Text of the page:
Joao Plata And The Trillium Cup- My MLS Journey Continues

Perhaps I was still ‘giddy’ with excitement, or simply astonished by Toronto FC’s sensational performance against Columbus Crew. Either way I somehow managed to overlook a trivial yet maddening topic that Major League Soccer threw up on Saturday night. My gripe this week is with the “Trillium Cup”. My irritation is certainly not with the rivalry between Columbus Crew and Toronto. It is not even because the competition is named after Ohio’s and Ontario’s “official wildflower” (although I could certainly discuss that if I was asked). I can even bypass the fact that it sounds like a tournament you might find in a Harry Potter book. In fact my only grievance is that the competition exists at all. Silverware should be near impossible to win. If I had my way fans would have to wait their entire lives to even dream about the possibility of their team winning a trophy. Instead winning the Trillium Cup was reasonably uncomplicated for Toronto FC and therefore the silverware itself was hollow and meaningless. I don’t want to take away from the competitiveness between the two clubs because close rivalries are vastly important for any league, especially a relatively new one like MLS. However if teams lift a trophy every time they get the better of their foes then Major League Soccer risks losing all legitimacy.  The satisfaction of getting one over on your rivals should be enough. I can see the importance of the Voyageurs Cup to maintain Canadian Football’s identity; however that is where it should end. Major League Soccer is not a 4 year olds birthday party, where you hand out prizes to every child in sight so to avoid tears. No, this is North America’s paramount football league. Winning a trophy has to be for an outstanding achievement, not for getting the better of a team over two games.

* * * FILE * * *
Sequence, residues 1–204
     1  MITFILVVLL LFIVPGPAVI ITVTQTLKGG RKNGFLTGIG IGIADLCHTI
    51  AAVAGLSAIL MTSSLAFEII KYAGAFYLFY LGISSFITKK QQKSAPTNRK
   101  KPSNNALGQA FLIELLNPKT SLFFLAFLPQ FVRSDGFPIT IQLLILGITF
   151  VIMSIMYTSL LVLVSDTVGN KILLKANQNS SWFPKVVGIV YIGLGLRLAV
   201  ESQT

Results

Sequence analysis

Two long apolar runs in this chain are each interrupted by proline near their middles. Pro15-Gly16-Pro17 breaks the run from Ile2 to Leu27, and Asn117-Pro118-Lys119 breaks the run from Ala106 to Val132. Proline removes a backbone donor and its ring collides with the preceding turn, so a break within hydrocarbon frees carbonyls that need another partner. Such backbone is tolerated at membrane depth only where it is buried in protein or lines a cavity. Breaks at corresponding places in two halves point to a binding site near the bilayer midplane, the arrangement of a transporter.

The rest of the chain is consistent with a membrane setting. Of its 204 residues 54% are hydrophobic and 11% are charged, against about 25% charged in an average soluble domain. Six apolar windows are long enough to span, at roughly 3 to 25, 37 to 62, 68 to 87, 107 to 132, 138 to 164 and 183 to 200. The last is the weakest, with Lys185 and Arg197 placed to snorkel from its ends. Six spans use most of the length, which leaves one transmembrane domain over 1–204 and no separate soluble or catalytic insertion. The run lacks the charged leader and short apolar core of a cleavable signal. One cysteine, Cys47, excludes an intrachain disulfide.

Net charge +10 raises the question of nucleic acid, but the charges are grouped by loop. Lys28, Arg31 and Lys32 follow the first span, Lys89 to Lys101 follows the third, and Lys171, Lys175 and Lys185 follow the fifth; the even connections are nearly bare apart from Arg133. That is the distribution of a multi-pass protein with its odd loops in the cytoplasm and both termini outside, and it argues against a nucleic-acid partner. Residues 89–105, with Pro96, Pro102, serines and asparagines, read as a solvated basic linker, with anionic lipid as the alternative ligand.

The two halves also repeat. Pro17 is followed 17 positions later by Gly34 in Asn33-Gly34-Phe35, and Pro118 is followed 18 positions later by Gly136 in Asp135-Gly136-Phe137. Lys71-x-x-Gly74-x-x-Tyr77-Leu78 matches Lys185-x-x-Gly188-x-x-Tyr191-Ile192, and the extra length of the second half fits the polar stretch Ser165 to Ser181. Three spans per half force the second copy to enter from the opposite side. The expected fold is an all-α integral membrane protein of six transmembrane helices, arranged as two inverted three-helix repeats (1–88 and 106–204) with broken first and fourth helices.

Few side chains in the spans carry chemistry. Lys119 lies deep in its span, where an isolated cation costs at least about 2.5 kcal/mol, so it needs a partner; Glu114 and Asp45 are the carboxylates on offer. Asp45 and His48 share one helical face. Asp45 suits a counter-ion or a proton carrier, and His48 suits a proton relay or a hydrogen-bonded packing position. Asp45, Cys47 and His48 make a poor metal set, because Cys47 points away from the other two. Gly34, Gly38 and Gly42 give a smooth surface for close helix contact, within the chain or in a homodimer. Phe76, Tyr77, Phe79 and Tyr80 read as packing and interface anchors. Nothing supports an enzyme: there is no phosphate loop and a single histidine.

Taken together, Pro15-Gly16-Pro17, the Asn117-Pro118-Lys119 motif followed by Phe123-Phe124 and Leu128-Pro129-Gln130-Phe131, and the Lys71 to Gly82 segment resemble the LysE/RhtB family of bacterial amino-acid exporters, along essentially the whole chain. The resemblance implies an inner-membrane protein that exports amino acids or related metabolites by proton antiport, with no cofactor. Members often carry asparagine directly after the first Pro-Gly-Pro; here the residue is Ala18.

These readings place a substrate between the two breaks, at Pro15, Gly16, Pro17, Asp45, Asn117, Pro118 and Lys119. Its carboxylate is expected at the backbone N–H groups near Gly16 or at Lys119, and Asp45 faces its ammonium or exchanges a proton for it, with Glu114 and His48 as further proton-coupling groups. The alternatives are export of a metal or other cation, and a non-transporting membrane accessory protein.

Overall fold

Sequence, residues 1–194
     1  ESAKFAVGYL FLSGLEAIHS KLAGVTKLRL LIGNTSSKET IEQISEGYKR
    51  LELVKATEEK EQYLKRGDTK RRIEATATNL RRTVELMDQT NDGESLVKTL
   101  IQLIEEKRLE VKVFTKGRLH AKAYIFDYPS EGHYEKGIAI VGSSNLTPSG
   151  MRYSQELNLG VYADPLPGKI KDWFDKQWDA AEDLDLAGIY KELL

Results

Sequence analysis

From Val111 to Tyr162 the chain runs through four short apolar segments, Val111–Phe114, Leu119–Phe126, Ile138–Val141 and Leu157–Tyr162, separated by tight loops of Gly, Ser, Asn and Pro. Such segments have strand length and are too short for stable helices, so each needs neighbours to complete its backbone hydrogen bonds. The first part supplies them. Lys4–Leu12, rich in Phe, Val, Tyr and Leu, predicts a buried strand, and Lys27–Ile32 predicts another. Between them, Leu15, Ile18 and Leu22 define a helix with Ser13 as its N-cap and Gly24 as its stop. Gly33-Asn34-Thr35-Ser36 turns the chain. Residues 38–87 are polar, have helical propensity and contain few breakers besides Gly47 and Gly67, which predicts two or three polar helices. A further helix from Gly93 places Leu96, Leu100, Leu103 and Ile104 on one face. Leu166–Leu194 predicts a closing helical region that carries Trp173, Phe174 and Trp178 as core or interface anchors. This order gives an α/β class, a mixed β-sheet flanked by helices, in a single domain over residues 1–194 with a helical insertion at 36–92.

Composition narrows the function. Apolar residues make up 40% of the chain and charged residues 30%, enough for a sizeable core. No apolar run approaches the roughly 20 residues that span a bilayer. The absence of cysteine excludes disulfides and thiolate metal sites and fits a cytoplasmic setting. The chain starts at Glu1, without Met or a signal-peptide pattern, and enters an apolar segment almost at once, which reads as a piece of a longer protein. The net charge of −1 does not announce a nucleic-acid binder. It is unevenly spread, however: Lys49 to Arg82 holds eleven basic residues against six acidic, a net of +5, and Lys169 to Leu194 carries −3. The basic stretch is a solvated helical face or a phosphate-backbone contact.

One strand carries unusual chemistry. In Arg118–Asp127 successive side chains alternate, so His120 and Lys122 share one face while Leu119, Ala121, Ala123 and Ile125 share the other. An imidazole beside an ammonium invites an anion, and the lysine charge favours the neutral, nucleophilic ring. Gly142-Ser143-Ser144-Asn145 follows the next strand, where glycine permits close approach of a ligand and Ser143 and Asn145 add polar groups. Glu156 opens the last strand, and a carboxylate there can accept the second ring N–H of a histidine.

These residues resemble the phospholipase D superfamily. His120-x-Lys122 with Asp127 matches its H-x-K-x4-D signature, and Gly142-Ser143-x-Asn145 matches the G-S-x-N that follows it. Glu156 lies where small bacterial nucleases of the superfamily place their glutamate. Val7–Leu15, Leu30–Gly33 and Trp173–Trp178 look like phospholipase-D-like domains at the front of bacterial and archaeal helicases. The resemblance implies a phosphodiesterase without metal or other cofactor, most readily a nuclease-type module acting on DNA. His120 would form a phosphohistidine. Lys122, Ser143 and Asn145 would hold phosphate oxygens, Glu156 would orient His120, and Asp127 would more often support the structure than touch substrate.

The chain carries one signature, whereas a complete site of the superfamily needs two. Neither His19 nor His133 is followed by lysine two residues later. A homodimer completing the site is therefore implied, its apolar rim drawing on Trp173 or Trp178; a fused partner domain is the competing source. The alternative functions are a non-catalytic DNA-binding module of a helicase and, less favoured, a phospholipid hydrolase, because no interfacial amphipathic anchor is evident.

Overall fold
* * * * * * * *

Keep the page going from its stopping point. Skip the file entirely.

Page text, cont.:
Right now that is over with onto something more positive more positive. Since writing the blog one question I have been asked regularly by vastly smarmy individuals is: “Why bother with Major League Soccer?” Boring them with a long winded answer would undoubtedly involve talking to them and generally I try and avoid such tediously repetitive individuals. Instead I simply suggest they try out Major League Soccer for themselves, however I wonder if this is the right approach on my part. Many Europeans and particularly British people seem determined to detest Major League Soccer without attempting to experience it for themselves.  Such people have caused me to question whether MLS needs the respect of Europe and it has taken me just two weeks of engrossing myself in MLS to deduct that perhaps it doesn’t. If Major League Soccer can continue to capture the attention of Americans and Canadians then it has every chance of being a fantastic league in its own right. Undoubtedly in the last 8 years the standard of football has greatly improved, for the most part attendances and viewing figures are up and if my blog is anything to go by Americans and Canadians know football. I have learnt a great deal from some of the knowledgeable and passionate responses to my articles and the very fact the sport seems to have such an impressive core fan base is a great sign for the future of Major League Soccer.